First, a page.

While the secular New Year falls in the middle of winter (well, in the Northern Hemisphere anyway), when the earth resets itself, the Jewish New Year comes in the fall, just before the traditional harvest time. People come home from summer vacations, school starts up again, and wham! We're hit with the Ten Days of Repentance. Perfect timing, I think.
Now is the time, as we are preparing for what most of us think of as "the year," that we need introspective moments. Vacation is over, and it's back to the grindstone; what better time to take stock, to engage in heshbon ha-nefesh (accounting of the soul), to examine our relationships. The next big vacation is ten months from now, and from this point to that will be a blur of activity. Better to enter it with some deep, probing consideration.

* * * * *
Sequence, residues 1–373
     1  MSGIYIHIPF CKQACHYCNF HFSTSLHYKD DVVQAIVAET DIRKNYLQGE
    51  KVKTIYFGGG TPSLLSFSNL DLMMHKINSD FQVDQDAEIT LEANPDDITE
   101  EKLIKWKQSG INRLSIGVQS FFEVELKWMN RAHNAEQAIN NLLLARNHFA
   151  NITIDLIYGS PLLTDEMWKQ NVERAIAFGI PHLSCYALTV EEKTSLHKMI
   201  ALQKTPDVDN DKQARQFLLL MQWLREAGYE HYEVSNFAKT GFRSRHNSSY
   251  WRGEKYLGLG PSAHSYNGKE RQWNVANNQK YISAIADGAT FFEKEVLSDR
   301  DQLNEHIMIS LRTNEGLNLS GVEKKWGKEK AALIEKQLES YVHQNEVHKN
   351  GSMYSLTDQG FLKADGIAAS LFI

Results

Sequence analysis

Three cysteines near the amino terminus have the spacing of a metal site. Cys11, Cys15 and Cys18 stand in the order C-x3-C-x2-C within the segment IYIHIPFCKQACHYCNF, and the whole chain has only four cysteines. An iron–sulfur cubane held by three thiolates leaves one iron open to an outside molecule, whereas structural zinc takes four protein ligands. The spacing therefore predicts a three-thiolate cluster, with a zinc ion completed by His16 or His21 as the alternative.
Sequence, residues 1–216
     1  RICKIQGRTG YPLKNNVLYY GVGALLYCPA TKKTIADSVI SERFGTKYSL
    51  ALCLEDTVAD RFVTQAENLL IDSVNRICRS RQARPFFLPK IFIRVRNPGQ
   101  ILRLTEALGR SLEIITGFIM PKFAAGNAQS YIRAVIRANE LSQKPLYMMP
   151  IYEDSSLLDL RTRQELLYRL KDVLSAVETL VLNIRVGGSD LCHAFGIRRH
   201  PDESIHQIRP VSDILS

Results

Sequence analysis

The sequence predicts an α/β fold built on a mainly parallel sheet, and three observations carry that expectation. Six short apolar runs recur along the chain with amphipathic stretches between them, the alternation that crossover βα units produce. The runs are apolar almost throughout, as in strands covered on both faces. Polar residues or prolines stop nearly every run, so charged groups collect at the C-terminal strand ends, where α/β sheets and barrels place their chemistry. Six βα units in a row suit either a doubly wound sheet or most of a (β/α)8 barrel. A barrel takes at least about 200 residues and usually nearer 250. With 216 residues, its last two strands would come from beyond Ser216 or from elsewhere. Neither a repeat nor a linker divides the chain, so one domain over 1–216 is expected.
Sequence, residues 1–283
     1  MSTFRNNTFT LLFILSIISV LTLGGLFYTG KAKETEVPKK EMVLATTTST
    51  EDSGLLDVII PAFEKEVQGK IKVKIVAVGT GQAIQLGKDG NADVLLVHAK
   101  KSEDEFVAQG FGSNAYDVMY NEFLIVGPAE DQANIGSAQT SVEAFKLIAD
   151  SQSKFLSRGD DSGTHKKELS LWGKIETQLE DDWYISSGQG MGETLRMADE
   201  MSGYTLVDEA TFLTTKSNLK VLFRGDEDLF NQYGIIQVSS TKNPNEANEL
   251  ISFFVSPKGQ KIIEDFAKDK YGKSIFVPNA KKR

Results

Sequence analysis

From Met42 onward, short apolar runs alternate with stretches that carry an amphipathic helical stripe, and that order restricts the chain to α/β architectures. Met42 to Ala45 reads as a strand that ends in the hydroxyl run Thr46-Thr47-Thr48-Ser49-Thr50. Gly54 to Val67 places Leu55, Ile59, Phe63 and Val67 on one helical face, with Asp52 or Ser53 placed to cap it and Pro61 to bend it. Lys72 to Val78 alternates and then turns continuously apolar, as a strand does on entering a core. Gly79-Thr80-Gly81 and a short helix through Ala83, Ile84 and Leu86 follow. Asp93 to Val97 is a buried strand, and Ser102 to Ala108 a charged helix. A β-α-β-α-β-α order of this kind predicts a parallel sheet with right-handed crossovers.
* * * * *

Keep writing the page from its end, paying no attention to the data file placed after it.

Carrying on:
January 1 may be a new year of the Earth, but Rosh Hashanah is more a New Year of the soul.